OWS accused of pressuring workers to sign AWAs

News

OWS accused of pressuring workers to sign AWAs

Unions have accused the Federal Government's IR watchdog, the Office of Workplace Services (OWS), of being partisan and secretly interrogating workers who are refusing to sign AWAs.

WantToReadMore

Get unlimited access to all of our content.

Unions have accused the Federal Government's IR watchdog, the Office of Workplace Services (OWS), of being partisan and secretly interrogating workers who are refusing to sign AWAs.

John Robertson, Secretary of Unions NSW said, last week employees from Esselte, a stationary distribution company in Minto, were driven in pairs to a meeting with officials from the OWS at the Campbelltown art gallery.

'At each meeting, workers were told they would be subpoenaed to appear in court if they refused to answer questions,' Robertson said.

He said the Esselte workers were then asked if union officials had advised them not to sign AWAs the company had introduced. Robertson said the AWAs severely cut back the workers conditions, allowances and penalties.

'This company has called in the Office of Workplace services to pressure workers into signing AWAs while pretending they are investigating unions for pressuring workers,' Robertson claimed.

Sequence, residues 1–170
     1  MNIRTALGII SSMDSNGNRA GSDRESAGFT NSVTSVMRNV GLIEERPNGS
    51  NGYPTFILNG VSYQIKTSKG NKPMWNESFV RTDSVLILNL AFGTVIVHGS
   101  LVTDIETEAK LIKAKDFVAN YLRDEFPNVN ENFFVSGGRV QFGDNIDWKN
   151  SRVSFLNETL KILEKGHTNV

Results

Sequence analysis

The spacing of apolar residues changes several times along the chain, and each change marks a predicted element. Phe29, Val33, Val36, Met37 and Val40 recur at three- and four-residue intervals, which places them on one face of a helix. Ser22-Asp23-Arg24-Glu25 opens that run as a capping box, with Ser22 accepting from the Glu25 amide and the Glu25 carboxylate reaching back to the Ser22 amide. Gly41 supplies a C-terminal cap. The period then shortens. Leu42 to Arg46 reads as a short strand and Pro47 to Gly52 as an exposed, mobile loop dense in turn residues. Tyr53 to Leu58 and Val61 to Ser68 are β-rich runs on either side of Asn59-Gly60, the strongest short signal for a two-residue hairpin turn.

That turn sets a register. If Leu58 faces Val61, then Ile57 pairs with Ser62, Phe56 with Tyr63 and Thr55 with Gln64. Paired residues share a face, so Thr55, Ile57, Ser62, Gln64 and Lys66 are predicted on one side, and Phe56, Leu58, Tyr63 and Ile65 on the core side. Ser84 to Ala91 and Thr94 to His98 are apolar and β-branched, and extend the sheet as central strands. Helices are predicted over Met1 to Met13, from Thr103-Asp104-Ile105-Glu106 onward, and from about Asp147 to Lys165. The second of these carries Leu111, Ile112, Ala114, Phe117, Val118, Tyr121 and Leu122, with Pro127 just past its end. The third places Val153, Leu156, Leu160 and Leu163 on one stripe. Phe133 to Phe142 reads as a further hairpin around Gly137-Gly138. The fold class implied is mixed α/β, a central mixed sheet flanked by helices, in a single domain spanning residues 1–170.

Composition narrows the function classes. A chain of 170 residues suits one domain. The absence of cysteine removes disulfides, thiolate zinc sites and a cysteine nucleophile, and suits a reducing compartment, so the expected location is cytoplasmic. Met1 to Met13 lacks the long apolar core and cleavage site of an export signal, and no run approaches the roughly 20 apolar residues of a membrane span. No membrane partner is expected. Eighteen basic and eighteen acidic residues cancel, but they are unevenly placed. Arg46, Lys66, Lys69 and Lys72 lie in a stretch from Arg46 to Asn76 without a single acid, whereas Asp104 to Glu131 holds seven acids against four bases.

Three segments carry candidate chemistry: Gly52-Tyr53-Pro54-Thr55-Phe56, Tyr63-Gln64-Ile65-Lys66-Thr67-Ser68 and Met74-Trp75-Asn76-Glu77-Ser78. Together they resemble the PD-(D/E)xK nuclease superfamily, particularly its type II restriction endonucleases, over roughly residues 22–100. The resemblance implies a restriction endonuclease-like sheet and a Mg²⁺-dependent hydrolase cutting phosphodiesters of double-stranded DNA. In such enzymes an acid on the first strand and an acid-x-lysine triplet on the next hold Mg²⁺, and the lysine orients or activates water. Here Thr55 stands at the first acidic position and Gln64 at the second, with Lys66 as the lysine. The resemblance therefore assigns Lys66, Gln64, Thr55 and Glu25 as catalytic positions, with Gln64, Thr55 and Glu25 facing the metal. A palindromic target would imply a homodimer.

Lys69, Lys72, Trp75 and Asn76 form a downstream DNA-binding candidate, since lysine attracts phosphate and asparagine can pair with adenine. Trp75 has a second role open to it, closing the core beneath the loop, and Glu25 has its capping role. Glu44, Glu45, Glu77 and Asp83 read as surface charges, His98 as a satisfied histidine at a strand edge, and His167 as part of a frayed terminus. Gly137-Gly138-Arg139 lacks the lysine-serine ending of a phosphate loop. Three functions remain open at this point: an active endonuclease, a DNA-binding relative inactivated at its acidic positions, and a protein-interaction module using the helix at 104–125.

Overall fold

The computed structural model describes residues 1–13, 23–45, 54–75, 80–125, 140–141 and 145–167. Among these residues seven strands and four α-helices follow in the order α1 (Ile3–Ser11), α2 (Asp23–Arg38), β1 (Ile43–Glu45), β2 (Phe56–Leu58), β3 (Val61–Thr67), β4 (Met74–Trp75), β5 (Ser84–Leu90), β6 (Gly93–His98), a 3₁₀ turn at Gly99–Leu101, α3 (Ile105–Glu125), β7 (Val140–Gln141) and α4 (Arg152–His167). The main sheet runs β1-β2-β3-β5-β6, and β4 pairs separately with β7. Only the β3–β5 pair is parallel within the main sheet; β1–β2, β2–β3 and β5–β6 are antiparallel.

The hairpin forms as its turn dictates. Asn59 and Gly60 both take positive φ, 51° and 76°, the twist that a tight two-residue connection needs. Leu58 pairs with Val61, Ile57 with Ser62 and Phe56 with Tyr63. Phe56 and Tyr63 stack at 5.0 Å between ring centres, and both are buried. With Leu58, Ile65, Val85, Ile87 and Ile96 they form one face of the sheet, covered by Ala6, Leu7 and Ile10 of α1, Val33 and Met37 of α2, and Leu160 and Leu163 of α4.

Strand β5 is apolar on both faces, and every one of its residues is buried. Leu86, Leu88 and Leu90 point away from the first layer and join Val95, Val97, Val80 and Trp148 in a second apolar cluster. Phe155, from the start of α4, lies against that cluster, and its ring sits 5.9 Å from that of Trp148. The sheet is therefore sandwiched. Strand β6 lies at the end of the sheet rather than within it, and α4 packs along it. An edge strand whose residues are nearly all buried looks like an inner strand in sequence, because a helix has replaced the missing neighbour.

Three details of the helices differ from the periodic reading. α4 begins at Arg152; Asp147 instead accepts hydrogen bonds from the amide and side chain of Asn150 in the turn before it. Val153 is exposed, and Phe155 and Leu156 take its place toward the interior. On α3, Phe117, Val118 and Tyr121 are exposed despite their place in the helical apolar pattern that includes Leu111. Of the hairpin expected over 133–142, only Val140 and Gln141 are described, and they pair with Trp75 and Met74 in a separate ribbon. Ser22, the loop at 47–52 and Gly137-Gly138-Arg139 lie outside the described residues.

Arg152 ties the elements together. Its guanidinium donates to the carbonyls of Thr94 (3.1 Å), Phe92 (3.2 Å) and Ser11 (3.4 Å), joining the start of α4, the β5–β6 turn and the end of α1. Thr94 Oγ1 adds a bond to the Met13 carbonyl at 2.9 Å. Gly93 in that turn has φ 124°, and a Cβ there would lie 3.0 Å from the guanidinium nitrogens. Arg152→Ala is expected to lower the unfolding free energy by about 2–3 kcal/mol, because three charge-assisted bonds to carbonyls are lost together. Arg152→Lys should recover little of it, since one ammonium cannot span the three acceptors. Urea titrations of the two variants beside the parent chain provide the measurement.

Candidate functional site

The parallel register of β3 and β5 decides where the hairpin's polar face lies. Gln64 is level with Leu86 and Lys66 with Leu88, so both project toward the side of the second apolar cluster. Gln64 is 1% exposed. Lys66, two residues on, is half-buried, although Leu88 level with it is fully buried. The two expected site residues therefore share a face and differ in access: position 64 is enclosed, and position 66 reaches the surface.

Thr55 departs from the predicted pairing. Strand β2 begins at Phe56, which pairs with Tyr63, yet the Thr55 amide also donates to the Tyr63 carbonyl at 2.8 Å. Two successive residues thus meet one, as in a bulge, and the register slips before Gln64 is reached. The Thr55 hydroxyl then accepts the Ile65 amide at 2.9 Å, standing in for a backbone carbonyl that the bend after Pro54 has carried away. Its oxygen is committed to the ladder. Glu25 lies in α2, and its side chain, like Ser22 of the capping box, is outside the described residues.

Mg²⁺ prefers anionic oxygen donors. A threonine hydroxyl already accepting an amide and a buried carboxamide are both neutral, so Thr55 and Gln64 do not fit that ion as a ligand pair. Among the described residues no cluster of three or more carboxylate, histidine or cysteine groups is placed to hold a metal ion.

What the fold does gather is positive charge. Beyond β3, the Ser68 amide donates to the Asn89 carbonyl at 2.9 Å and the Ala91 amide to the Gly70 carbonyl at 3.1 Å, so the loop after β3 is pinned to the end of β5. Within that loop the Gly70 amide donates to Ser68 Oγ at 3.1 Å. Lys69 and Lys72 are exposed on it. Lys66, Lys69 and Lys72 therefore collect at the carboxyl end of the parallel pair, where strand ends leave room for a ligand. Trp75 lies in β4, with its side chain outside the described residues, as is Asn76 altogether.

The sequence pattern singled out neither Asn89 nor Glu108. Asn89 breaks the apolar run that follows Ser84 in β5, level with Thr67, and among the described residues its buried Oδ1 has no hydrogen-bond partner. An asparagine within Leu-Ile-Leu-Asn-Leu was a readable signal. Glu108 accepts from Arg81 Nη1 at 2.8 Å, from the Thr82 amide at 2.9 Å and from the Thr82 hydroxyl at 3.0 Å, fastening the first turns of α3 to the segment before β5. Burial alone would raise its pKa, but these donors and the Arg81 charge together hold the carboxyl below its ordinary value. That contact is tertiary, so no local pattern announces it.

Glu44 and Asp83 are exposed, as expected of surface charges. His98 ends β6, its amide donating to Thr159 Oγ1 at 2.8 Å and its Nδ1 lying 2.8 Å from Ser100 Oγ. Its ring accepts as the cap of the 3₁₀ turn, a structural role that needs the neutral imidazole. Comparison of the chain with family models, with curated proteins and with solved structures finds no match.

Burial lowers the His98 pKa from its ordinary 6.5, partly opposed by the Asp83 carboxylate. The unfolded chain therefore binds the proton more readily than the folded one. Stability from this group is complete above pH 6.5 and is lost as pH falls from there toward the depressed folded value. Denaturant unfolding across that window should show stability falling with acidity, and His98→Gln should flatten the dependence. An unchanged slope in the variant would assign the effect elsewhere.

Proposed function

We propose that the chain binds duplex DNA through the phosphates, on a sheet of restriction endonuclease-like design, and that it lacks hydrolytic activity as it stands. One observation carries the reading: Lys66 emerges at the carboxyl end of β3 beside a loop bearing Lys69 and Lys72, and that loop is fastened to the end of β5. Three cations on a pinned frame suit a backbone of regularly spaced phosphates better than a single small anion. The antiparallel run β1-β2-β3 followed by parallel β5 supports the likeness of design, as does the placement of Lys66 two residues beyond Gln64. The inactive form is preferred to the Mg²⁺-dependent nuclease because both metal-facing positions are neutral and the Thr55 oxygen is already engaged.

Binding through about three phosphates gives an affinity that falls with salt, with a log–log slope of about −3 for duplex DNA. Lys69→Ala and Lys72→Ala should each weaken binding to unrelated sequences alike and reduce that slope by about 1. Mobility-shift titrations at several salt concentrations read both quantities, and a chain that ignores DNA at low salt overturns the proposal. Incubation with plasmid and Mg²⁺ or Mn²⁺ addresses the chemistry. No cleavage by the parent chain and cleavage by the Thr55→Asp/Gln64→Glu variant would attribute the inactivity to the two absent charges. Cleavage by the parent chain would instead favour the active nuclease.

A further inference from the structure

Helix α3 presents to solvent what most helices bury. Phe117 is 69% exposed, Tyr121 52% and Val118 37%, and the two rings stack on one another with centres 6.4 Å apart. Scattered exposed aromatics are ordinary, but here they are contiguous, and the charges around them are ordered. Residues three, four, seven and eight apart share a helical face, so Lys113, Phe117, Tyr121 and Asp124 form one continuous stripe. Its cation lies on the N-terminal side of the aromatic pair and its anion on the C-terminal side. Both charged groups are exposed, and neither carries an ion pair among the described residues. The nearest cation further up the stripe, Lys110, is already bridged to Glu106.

Prudent decision

'It's absurd. The simple answer is that workers at this company made a prudent decision not to sign the AWAs because it's not in their interest. This is another example of federal agencies being used as enforcers of the government's political ideology.'

Robertson said at least five people were interviewed last Thursday and a further four on Friday.

A witness statement seen by Workers Online gave evidence of an Esselte manager pestering workers to sign AWAs, which strip penalty rates, wages and conditions.

Officials from the National Union of Workers said Esselte had been aggressively pushing the individual workplace agreements on 20 employees at Minto.

Not rocket science

'If the OWS is wondering why these workers aren't signing these AWAs, it's because they leave them $80 a week worse off,' said NUW NSW State Secretary Derek Belan NUW. 'Do they think our members are so stupid they'd agree to that? It's not rocket science.'

Related

WorkChoices 'enforcer' comes into operation

ACTU calls on Govt to repeal 'Cowra clauses'

OWS to investigate sacking of 'liability' Grannie

  

Post details